My thirteen-year-old daughter and I have different ideas about what it is that she will be doing with her summer vacation, which will be upon us in a few days. I think that the summer before she enters high school would be a good time to get a jump start on subjects she finds challenging. Also a good time to learn to type properly, or play the piano. Not to mention that there are a good number of household projects that could use some manual labor. I know that she will be bored with the vacant hours, and I have warned her repeatedly that her days will not be spent in front of the computer or TV screen.
And I keep asking her just what it is that she expects to do this summer. What is it that her days will look like when she is not off at camp or visiting an out of town friend? All I get for an answer is that she doesn’t know – and doesn’t want to be asked.
She doesn’t have a way to say it, but I think what she is looking towards is sabbatical time – a Sabbath of the school year where she can, to paraphrase Whitman, loaf and invite her soul. She wants to be free from pressure, free from schedule, free from things that have to be done and other people’s expectations that she do what other people think is good for her. That’s what the Sabbath is for. It is a time of forced openness, when you give up work and see what remains. Outside of the structure of daily life your soul gets a chance to stretch out.OK, I confess I’m a little scared to see what remains for my young teen outside of her structured life. It’s hard to trust that her soul will be well served by weeks of openness. But there’s something to be said for being bored, for sitting with the emptiness long enough that something from deep inside might come to fill it. There’s not that much to be said for being the mom who has to listen to the whining that accompanies that boredom until that mysterious something comes along, but I guess that comes with the territory.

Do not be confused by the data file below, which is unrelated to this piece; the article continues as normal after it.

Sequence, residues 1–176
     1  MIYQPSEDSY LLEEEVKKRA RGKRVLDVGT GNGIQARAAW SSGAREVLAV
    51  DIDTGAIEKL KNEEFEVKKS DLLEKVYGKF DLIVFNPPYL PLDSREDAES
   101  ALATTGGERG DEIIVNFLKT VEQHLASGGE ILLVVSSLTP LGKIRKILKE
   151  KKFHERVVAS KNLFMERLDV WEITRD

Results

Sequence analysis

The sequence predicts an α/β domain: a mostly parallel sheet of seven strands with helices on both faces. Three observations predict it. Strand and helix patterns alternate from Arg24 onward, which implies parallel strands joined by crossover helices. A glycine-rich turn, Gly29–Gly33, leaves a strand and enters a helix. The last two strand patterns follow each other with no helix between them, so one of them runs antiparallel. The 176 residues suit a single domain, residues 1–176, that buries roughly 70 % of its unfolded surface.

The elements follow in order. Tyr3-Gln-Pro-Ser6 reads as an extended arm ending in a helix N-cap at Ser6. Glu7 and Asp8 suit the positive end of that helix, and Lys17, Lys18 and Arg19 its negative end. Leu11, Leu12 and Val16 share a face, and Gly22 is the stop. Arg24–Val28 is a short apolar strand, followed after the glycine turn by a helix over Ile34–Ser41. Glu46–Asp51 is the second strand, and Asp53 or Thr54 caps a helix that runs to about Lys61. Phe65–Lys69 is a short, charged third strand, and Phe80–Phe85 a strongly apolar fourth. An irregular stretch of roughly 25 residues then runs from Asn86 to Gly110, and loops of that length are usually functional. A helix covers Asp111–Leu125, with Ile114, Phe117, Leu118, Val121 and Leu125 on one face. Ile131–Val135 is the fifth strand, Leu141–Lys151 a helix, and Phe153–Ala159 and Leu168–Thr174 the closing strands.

There isn’t any magic formula that decrees how much of our lives needs to be given to work, or to improving our selves and the world around us. But the tradition of the sabbath and the sabbatical teaches that a seventh of our time is not too much to give our souls the space to expand. I’ll let you know how it goes.